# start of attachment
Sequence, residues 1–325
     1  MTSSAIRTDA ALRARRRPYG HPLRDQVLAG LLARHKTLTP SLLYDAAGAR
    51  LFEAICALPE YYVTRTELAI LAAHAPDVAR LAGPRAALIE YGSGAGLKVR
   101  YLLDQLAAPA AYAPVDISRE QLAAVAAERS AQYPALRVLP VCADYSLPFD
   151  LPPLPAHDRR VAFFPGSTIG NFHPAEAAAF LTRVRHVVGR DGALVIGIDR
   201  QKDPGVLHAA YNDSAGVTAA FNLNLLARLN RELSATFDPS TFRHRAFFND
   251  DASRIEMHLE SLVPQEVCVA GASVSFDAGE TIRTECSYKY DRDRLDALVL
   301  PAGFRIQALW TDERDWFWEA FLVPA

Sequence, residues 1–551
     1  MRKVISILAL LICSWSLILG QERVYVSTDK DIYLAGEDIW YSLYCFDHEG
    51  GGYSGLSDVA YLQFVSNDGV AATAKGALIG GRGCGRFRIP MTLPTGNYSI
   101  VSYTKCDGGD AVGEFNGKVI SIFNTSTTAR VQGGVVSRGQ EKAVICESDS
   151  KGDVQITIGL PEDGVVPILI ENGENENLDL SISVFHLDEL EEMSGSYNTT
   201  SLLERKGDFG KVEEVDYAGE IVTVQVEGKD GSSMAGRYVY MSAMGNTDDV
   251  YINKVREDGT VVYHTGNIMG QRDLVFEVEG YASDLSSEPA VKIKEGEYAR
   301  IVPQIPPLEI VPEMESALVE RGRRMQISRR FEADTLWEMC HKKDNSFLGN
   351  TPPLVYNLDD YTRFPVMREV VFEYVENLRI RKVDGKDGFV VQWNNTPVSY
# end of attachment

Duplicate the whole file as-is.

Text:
Sequence, residues 1–325
     1  MTSSAIRTDA ALRARRRPYG HPLRDQVLAG LLARHKTLTP SLLYDAAGAR
    51  LFEAICALPE YYVTRTELAI LAAHAPDVAR LAGPRAALIE YGSGAGLKVR
   101  YLLDQLAAPA AYAPVDISRE QLAAVAAERS AQYPALRVLP VCADYSLPFD
   151  LPPLPAHDRR VAFFPGSTIG NFHPAEAAAF LTRVRHVVGR DGALVIGIDR
   201  QKDPGVLHAA YNDSAGVTAA FNLNLLARLN RELSATFDPS TFRHRAFFND
   251  DASRIEMHLE SLVPQEVCVA GASVSFDAGE TIRTECSYKY DRDRLDALVL
   301  PAGFRIQALW TDERDWFWEA FLVPA

Sequence, residues 1–551
     1  MRKVISILAL LICSWSLILG QERVYVSTDK DIYLAGEDIW YSLYCFDHEG
    51  GGYSGLSDVA YLQFVSNDGV AATAKGALIG GRGCGRFRIP MTLPTGNYSI
   101  VSYTKCDGGD AVGEFNGKVI SIFNTSTTAR VQGGVVSRGQ EKAVICESDS
   151  KGDVQITIGL PEDGVVPILI ENGENENLDL SISVFHLDEL EEMSGSYNTT
   201  SLLERKGDFG KVEEVDYAGE IVTVQVEGKD GSSMAGRYVY MSAMGNTDDV
   251  YINKVREDGT VVYHTGNIMG QRDLVFEVEG YASDLSSEPA VKIKEGEYAR
   301  IVPQIPPLEI VPEMESALVE RGRRMQISRR FEADTLWEMC HKKDNSFLGN
   351  TPPLVYNLDD YTRFPVMREV VFEYVENLRI RKVDGKDGFV VQWNNTPVSY